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Internal Revenue Service

Department of the Treasury

Number: 201332001 Release Date: 8/9/2013

Third Party Communication: None Date of Communication: Not Applicable

Index Number: 101.01-02 ----------------------------------------------------------------------------------

Washington, DC 20224

Person To Contact:

------------------, ID No. -----------------Telephone Number:

---------------------Refer Reply To:

In Re: -----------------------------------------------

CC:FIP:B04 PLR-100061-13 Date:

May 10, 2013

Legend: Husband Wife Daughter State Trust 1 Trust 2 Trustee Date 1 Date 2

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Dear ------------: This letter responds to your letter dated October 4, 2012, requesting a ruling that Trust 1’s transfer to Trust 2 of a life insurance policy insuring the lives of Husband and Wife will not constitute a “transfer for valuable consideration” under § 101(a)(2) of the Internal Revenue Code (the Code), or in the alternative, will fall within the exceptions under § 101(a)(2)(B), and therefore, will not affect the application of § 101(a)(1) to policy proceeds that the beneficiary will receive under the policy. Additional information was submitted in your March 28, 2013 letter. FACTS On Date 1, Husband (or the Taxpayer) and Wife created Trust 1. On or about Date 2, Trust 1 purchased a joint and survivor policy insuring the lives Husband and Wife (the Policy). The trustee of Trust 1 is Husband’s nephew, Trustee. The beneficiaries of Trust 1 are Husband and Wife’s four children, including Daughter. Pursuant to the terms of Trust 1, upon the death of the survivor of Husband and Wife, the corpus of the trust is to be distributed outright and free of trust to the beneficiaries.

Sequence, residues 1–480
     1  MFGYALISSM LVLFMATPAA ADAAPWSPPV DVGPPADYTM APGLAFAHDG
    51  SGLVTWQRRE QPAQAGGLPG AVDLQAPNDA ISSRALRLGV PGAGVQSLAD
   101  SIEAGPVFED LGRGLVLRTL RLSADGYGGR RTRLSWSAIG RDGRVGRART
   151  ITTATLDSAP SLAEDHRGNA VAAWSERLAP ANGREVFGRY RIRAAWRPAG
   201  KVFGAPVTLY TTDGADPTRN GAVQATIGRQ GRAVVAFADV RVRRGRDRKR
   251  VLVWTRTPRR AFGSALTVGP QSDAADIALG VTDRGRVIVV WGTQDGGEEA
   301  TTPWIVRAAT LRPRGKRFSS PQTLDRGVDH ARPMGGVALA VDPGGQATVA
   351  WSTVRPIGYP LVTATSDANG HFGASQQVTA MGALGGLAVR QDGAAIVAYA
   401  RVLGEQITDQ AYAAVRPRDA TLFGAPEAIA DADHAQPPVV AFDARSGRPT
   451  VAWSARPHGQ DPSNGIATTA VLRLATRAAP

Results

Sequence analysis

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After the creation of Trust 1, Daughter was diagnosed with a disability that has severely limited her ability to manage her affairs. Following this diagnosis, Husband wishes to establish a second irrevocable trust, Trust 2. Trust 2 will have the same beneficiaries as Trust 1 and the same trustee as Trust 1. The pivotal difference between Trust 1 and Trust 2 will be that Trust 2 is a perpetual trust and contains a Special Needs provision for the share established for Daughter. Husband represents that Trust 2 is a grantor trust wholly owned by Husband for federal income tax purposes. Husband and Wife established a partnership under State law and hold a ----% interest each in the partnership. Husband and Wife own several investment properties as partners. The Partnership has not elected to be treated as an association taxable as a corporation under § 301.7701-3(b) of the Procedure and Administration Regulations. Trust 2 intends to purchase the Policy from Trust 1 for the value of Trust 1’s interest in the Policy, as determined under § 25.2512-6(a) of the Gift Tax Regulations. Husband will obtain from the issuing insurance company the interpolated terminal reserve value of the Policy as of the date of sale plus the gross premium last paid before the date of sale, which covers the period extending beyond the date of sale. Upon the transfer of the Policy to Trust 2, Trust 2 will become the beneficiary of the Policy. Husband will make annual gifts to Trust 2, which will be utilized in part to pay the premiums on the Policy. LAW AND ANALYSIS Section 101(a)(1) of the Code provides that, except as otherwise provided in §§ 101(a)(2), 101(d), and 101(f), gross income does not include amounts received under a life insurance contract if such amounts are paid by reason of the death of the insured. Section 101(a)(2) of the Code provides, generally, if a life insurance contract, or any interest therein is transferred for valuable consideration, the exclusion from gross income provided by § 101(a)(1) is limited to an amount equal to the sum of the actual value of the consideration and the premiums and other amounts subsequently paid by the transferee. The term “transfer for valuable consideration” is defined for purposes of § 101(a)(1) in § 1.101-1(b)(4) of the Income Tax Regulations as any absolute transfer for value of a right to receive all or part of the proceeds of a life insurance policy. An exception to the general rule of § 101(a)(2) of the Code is provided in § 101(a)(2)(B) when the contract is transferred to the insured, to a partner of the insured, to a partnership in which the insured is a partner, or to a corporation in which the insured is